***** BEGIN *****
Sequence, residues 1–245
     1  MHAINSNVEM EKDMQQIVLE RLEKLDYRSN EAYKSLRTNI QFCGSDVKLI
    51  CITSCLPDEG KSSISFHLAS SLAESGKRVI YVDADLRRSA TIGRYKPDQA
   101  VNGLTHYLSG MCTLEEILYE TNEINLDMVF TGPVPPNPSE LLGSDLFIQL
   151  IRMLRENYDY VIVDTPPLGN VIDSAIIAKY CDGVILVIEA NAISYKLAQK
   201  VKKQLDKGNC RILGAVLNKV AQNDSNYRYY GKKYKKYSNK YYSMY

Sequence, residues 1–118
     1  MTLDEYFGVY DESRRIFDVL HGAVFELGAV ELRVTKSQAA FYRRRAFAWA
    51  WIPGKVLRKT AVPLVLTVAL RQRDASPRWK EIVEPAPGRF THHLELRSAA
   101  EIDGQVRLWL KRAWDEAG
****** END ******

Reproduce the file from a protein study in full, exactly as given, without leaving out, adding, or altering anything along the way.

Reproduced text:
Sequence, residues 1–245
     1  MHAINSNVEM EKDMQQIVLE RLEKLDYRSN EAYKSLRTNI QFCGSDVKLI
    51  CITSCLPDEG KSSISFHLAS SLAESGKRVI YVDADLRRSA TIGRYKPDQA
   101  VNGLTHYLSG MCTLEEILYE TNEINLDMVF TGPVPPNPSE LLGSDLFIQL
   151  IRMLRENYDY VIVDTPPLGN VIDSAIIAKY CDGVILVIEA NAISYKLAQK
   201  VKKQLDKGNC RILGAVLNKV AQNDSNYRYY GKKYKKYSNK YYSMY

Sequence, residues 1–118
     1  MTLDEYFGVY DESRRIFDVL HGAVFELGAV ELRVTKSQAA FYRRRAFAWA
    51  WIPGKVLRKT AVPLVLTVAL RQRDASPRWK EIVEPAPGRF THHLELRSAA
   101  EIDGQVRLWL KRAWDEAG